It began as any other morning. I stumbled from my bed to the bathroom, still not awake yet. In those days my mother was working ten-hours days downtown at City Hall. This meant that she left early in the morning, often before I was out of bed (which is impressive since my first period started at 7:45 a.m.). She would leave, and my friend Teresa -- well, Teresa's mom, really --would give me a lift to school since neither of us could drive yet.
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You see, during my four years of high school, I lived in a one-bedroom apartment with my mother. The apartment building had been built in the 1920s and had a beautifully renovated ballroom in the basement which was rented out for wedding and dances, including my own high school's prom. Yes, prom was at my house (but that's a different story). The building was U-shaped. If you stood on the sidewalk facing the building, you'd be at the top of the U, looking down its center; a long sidewalk ran down the center of the U. Four floors up (still at the base of the U) was my bedroom window.
So again, on this chilly winter morning I began my process as per usual. It involved stumbling out of bed and blearily walking to the bathroom. Because it was built in the 1920s, the entire building used delicious steam heat in the winter. The radiator in the bathroom never turned all the way off. As a result, 1) it was always a bit stuffy in there, but 2) I could put my towel over the radiator, and it would be nice and toasty when getting out of the shower. Oh, and 3) the bathroom door was permanently warped from the heat. It would not completely close unless one slammed it. We never closed it completely, let alone used the ancient turn lock.
So I stumbled up the step (yes, the bathroom had a step) into the bathroom and closed the door. I have no idea why I closed the door when I was the only one home, minus the cat. These days I never close the bathroom door, and I'm always surrounded by cats and dogs.
The bathroom routine involved peeing, of course, and then washing my hands and face. I'd pop my contacts into my blind eyes and brush my teeth. I would moisturize. I would exit. So I did all of those things, except the last one.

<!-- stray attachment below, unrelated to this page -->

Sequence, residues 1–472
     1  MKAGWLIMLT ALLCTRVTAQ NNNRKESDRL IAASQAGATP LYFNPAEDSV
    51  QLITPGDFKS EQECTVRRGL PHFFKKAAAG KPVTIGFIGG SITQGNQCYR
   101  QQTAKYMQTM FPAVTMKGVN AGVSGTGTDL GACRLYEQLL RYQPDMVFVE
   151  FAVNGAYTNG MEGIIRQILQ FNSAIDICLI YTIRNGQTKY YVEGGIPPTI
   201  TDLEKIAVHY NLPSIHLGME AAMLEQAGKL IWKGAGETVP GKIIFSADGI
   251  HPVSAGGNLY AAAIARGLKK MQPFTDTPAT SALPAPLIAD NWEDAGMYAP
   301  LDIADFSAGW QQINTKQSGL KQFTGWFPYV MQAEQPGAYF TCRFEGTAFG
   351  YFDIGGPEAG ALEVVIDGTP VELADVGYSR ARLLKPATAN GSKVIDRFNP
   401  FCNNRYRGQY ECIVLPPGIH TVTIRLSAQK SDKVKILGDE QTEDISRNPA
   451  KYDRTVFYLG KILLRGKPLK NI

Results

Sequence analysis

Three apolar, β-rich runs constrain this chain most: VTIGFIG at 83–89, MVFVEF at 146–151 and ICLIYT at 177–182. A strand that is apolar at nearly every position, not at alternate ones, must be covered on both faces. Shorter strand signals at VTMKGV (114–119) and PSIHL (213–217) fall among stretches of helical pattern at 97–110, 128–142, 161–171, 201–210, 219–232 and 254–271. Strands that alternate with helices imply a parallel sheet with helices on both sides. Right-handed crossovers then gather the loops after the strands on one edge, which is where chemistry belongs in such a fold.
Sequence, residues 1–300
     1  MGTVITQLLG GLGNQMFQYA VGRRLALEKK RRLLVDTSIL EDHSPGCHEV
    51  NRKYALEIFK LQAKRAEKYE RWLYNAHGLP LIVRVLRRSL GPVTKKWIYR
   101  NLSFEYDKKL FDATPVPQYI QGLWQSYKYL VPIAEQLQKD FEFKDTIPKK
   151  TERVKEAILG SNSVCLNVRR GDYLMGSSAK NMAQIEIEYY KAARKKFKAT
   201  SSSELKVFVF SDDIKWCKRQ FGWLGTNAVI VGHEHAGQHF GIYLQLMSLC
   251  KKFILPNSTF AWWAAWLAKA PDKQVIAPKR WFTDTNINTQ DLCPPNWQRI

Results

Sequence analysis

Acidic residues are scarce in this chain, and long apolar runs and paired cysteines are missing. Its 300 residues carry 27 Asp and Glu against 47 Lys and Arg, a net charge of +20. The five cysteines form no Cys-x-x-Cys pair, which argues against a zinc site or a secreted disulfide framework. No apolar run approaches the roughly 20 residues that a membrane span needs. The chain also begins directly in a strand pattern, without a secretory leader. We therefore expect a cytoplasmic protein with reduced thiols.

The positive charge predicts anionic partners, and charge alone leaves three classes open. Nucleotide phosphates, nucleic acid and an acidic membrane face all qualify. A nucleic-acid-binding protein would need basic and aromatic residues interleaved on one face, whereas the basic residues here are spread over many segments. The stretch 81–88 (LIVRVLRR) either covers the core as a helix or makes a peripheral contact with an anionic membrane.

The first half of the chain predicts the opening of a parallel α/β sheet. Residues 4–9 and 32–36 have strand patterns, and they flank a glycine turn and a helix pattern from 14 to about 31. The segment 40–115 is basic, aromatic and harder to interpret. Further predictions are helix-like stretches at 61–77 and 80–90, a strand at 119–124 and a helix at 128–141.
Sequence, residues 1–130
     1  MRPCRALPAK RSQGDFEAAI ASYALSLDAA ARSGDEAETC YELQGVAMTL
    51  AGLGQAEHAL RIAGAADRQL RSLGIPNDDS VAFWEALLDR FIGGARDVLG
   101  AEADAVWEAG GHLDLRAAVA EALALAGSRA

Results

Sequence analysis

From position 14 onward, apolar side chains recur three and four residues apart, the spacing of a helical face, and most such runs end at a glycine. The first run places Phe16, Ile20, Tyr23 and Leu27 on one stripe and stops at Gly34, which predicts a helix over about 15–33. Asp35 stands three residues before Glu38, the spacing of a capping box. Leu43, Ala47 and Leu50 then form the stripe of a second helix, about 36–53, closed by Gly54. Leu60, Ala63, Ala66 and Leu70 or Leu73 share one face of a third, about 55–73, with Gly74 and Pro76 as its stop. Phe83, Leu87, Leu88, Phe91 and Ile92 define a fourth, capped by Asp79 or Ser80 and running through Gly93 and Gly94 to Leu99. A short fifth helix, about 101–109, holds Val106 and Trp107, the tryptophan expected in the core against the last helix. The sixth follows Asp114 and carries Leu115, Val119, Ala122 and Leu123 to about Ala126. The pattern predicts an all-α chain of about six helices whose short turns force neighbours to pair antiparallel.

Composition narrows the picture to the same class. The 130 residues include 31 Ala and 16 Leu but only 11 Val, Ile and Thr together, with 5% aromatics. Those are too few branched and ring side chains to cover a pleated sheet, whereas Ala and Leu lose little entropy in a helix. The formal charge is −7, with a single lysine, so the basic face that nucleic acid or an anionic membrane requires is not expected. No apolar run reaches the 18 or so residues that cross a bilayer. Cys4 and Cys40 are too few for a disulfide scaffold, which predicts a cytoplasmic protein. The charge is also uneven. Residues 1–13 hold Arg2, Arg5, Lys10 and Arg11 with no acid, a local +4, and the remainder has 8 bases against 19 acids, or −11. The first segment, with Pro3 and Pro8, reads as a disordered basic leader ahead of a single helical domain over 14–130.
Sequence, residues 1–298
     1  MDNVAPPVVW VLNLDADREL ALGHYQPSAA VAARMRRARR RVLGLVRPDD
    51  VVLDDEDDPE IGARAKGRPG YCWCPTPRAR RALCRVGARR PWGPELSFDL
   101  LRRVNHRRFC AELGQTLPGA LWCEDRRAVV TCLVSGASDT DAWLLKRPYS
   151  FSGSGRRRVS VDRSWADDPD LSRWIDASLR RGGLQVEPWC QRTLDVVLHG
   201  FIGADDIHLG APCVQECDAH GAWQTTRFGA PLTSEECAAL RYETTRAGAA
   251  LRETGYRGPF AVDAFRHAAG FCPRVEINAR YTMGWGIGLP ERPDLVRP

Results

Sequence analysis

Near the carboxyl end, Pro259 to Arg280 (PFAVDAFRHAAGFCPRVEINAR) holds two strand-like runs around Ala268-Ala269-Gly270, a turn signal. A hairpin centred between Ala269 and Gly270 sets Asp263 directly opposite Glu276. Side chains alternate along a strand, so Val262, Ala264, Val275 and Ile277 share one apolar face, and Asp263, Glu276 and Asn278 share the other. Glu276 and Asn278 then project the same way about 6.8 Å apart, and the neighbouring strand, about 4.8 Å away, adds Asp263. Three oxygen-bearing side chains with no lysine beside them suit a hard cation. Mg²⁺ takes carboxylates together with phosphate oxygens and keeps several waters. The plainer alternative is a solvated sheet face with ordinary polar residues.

I went to open the door, and I couldn't. The knob wouldn't turn.
Maybe I moisturized too much? I wiped my hands on a towel and tried again. Still no go. The door was stuck. The knob would not turn.
I tried again. And again. And again. And -- was it getting hotter in there? Or was it just me slowly panicking? The radiator dutifully kicked out its steamy heat. I was sweating, and my hands kept sliding off of the white ceramic door knob.
I must have tried for ten or fifteen minutes before the cold realization set in: I was stuck in my own bathroom.
I was fifteen, home alone, and stuck in my own bathroom.
I tried not to cry.
How will I get out? How will I get ready for school? Who can let me out?
I couldn't call anyone. This wasn't Wayne Manor or a James Bond set; there was no phone in the bathroom. Cell phones hadn't been invented yet. I was cut off from communication.
Who will find me? What if the fire department has to come and chop down the bathroom door with one of those giant axes? My hair is unbrushed. These were my concerns.
It'll be okay, I thought. Soon Teresa and her mom will show up, and they'll see that I'm not upstairs in the window, and they'll know something is wrong.
Except my bedroom blinds were still closed. I hadn't reached that part of my routine. It happened after getting dressed, which happened after the bathroom routine. Incidentally, hair-brushing also happened after the bathroom; I kept the brush on my dresser in my bedroom.
|Whose bright idea was it to give me baseball pj's?|
Fifteen or twenty minutes later -- or maybe it was only ten -- I heard the telltale honk of my ride. I stood up and put my mouth to the crack in the bathroom window. "Teresa! TERESA!"
Eventually a car door opened, and Teresa walked down the long sidewalk, looking around confusedly. "TERESA! I'm stuck in the bathroom!"
Trying to find the source of the yelling, she looked around. "Leonard?"
"TEREEEEEEEEEESAAAA! I'm stuck in the bathroom!"
"I'm STUCK in the BATHroom, and I CAN'T get OUT!"
"You're stuck in the bathroom?"
"YES! And I CAN'T get OUT!"
I honestly hadn't thought past this moment. My goal was to tell someone I was stuck. I had achieved that. I had no idea what Teresa would do with this information. Like any good girl, she went straight to her mother, who was waiting impatiently in the car. Soon, I spied the two of them making their way down the sidewalk, Teresa's tall, lanky figure next to her mother's large, waddling one.